Ah — nice and simple! There’s another Boomerang III, this time accompanied by the Side Car unit, which does no processing of its own, but simply provides an extra set of switches so you can access more of the looper’s features without having to reassign the footswitches. Below these is a Keith McMillen Instruments SoftStep, a light, sturdy, powerful, and ergonomic MIDI controller. (Disclosure: I’ve been paid in gear and money to do demos and consulting for KMI.) It’s also one of the few USB-powered foot controllers.
My signal goes from the guitar through an audio interface (I have many, and am not 100% satisfied by any of them), which I usually keep alongside my laptop. The processed sound returns to the looper via the interface, and then goes directly from the looper to either my mobile PA or the house sound system. When using the latter, I employ the stereo DI box you can see in the pedalboard case. Next to it is the generic expression pedal I often connect to the SoftStep.
The pedalboard frame and case are from Pedaltrain, whose products I’ve been using for over a decade. They’re light but sturdy, and you can choose from various case options, including the truly roadworthy steel-reinforced one shown above. The open-frame architecture of Pedaltrain boards is great for routing and concealing cables, and it makes it relatively easy to reconfigure things.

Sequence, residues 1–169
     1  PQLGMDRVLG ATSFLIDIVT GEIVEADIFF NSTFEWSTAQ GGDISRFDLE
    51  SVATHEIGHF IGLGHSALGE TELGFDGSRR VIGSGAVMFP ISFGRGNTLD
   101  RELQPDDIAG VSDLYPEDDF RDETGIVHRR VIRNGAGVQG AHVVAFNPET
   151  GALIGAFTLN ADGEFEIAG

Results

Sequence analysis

Unlike the Stage Five, Pedaltrains include no power supplies. I only need an outlet or two for my digital setup, so I just use a small power strip. But when I’m using a lot of stompboxes, I go with various Voodoo Lab Pedal Power products.
Anyway, these are my setups as of today. But my pedalboards only remain unchanged for very short periods of time, and not just because I’m restless and twitchy by nature. There’s always some new piece of gear I’m excited about, or some new sound I’m trying to obtain. The only time I come close to locking in a particular setup is when I’m on tour, and even then, things can get shuffled around. (Especially when I’m lucky enough to have a gifted tech to do the dirty work. Thanks, Brody, Wolfie, Barry, and everyone else!) I used to try assembling an ad hoc pedalboard when I went in to work on an album project, but as Rocky the Flying Squirrel likes to say, “That trick never works.” Before tracking a single song, everything would be torn up, and I’d be sitting in a Sargasso Sea of cables and connectors. These days I just bring a generic velcro-covered surface and a mail crate stuffed with stompboxes, and assemble things on the fly. If you’re the sort of player who’s dialed in the tone of your dreams, maybe you can use a single setup for years. But I, for better or worse, am the opposite of that sort of player.
Speaking of generic velcro-covered surfaces: While I’m currently building my boards on fancy store-bought boards, you can make perfectly great boards from plywood scraps, old cutting boards, and many other dirt-cheap materials. If you want something that looks fairly clean, try laminated cutting boards or shelving from Ikea or another flat-pack monger. I especially like using plastic cutting boards because they’re so light yet indestructible.
Okay, I’ve showed you mine. Now show me yours!